The True Meaning of "Pura Vida" - My Family Travels

“Pura vida” is a Spanish phrase that is unique to the small Central American nation of Costa Rica. In just two small words, it encapsulates more than could be said in thousands. When I visited Costa Rica with my Spanish teacher and six classmates, I learned much more than just some new Spanish phrases.
        On our first full day we were scheduled to go zip-lining near the Poas volcano. The road we had planned to take was closed due to mudslides, so we had to take a longer route. The unexpected detour led us to a general store in a small town where we stopped for food and tried some of the local favorites, like these chewy coconut and molasses cookies that became a staple during the rest of the trip. Down the road we came across the beautiful La Paz waterfall where we stopped to take pictures. Unplanned surprises like these are what stand out most vividly in my memory.


        Two days later, our group was picked up by Francisco, who would be our driver for the rest of the trip. Francisco ended up being so much more than that. He was our tour guide, photographer, Spanish tutor, bodyguard, Salsa dancing teacher, nurse, and pretty much our temporary dad. He took us to a gift shop near the Tabacón resort that houses hundreds of iguanas and found us a restaurant one night where he taught us to salsa dance. When I got sick after dinner, he rushed to the bar to buy me a ginger ale and came into the bathroom where I was throwing up to make sure I was alright. Francisco told us all about his family, whom he was away from on Father’s Day to guide us on our trip.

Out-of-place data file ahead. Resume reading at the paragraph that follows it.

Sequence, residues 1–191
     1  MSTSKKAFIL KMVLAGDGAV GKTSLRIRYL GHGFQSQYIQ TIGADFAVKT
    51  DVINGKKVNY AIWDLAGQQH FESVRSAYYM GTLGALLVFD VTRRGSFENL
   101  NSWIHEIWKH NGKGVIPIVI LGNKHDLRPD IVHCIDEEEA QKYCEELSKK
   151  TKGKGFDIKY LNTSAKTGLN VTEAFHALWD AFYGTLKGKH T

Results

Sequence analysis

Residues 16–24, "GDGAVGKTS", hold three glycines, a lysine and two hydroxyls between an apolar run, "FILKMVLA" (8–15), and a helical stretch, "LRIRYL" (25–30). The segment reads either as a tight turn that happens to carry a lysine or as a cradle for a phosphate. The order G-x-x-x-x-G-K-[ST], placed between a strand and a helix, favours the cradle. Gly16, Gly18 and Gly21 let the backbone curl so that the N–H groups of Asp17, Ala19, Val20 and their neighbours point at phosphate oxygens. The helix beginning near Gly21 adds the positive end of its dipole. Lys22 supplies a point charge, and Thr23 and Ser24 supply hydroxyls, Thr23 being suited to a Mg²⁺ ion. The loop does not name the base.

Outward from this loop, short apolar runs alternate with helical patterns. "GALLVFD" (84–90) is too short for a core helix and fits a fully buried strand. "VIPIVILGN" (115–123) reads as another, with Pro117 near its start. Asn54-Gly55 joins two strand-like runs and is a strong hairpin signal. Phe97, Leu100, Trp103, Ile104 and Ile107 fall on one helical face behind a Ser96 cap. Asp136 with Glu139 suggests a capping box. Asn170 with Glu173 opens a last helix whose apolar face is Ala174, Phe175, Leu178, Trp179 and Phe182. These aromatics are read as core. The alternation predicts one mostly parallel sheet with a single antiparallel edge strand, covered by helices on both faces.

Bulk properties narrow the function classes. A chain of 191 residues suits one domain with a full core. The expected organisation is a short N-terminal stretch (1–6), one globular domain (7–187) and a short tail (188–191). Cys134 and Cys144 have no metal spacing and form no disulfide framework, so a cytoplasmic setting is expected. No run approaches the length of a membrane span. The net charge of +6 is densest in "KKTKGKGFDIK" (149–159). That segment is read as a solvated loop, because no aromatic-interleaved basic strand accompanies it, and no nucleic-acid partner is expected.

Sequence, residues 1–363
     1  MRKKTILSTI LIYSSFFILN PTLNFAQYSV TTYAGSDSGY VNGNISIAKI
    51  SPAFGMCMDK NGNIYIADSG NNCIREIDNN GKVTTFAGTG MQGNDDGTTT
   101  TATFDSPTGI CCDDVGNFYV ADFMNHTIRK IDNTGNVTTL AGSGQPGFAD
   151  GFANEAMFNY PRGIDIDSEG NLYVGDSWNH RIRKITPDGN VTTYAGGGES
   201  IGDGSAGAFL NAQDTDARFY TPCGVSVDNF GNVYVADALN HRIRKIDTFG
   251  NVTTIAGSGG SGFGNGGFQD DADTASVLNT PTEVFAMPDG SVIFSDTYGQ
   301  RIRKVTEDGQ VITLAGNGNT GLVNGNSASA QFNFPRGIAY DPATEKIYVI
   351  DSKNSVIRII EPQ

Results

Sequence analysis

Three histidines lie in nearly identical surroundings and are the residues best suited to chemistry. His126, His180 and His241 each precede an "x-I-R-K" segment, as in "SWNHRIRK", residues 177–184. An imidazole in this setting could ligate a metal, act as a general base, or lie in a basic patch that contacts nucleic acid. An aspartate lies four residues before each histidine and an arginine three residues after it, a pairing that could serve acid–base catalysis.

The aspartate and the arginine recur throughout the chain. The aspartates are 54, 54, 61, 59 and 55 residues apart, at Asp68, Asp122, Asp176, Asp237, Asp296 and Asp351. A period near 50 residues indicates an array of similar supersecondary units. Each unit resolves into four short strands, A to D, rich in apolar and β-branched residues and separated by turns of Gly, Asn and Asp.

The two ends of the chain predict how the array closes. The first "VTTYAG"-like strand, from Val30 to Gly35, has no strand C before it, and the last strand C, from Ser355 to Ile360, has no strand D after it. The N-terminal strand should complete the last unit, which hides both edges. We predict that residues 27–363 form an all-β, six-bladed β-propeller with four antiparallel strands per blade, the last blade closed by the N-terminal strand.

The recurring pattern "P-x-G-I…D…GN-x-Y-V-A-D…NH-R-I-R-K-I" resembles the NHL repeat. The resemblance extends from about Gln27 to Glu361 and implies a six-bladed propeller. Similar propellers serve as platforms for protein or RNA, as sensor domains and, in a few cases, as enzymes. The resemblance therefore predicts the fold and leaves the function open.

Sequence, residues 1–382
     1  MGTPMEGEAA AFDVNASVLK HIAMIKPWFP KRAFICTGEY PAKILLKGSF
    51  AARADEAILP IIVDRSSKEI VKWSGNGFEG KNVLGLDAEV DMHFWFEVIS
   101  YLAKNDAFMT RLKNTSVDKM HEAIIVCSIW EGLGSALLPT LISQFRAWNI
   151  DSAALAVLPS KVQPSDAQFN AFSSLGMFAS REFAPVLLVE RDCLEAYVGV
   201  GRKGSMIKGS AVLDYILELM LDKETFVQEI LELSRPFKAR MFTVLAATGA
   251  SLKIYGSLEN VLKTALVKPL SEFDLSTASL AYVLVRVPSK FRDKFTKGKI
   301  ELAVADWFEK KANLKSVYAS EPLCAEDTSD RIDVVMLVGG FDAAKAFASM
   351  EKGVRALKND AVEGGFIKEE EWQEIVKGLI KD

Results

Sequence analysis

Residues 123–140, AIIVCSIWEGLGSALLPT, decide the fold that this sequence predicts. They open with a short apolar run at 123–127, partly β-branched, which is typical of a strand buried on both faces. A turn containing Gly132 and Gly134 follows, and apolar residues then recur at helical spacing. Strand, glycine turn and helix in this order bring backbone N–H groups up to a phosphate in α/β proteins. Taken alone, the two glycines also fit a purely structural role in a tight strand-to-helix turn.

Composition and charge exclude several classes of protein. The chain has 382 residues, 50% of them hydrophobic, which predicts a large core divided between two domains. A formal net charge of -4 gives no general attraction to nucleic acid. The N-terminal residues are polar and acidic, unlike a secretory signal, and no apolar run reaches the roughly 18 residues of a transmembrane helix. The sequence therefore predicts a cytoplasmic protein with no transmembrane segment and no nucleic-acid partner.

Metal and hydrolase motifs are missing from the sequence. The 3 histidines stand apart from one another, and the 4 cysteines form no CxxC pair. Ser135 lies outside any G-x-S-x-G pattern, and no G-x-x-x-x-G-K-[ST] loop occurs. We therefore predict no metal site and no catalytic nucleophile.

The coolest thing Francisco showed us was totally unintentional – one of those unexpected surprises. On day four we drove from San Jose to the Tirimbina Rainforest and needed a place to eat lunch. We stopped at an open-air restaurant by the Los Chorros waterfall that was in the middle of a garden filled with hummingbirds – hundreds of them. They whizzed around our heads while we were eating, and if we stood still long enough, they would fly so close that we could feel the puffs of air from their wings on our shirts. They flew so fast and rested so seldom that it was nearly impossible to take pictures of them, so we gave up and just watched. It was mesmerizing.

“Pura vida,” which directly translates to “pure life,” can take on different meanings based on its context. Sometimes it is used to describe the importance of the environment to Costa Rica, a country that deeply values its wildlife and depends heavily on ecotourism. It can also signify the spirit of living life to the fullest regardless of wealth or income. To me, “pura vida” became a way of reminding myself that there is more to travel than the pictures you post on Facebook. Many of my best memories from the trip are things that cannot be captured on film or even described in words, like the taste of maracuyá (passion fruit juice) or the smell of the air up in the mountains. Though these things cannot be recorded, we know they will always stay with us. We travel to places like Costa Rica because we want them to change us, and they will change us forever if we let them.


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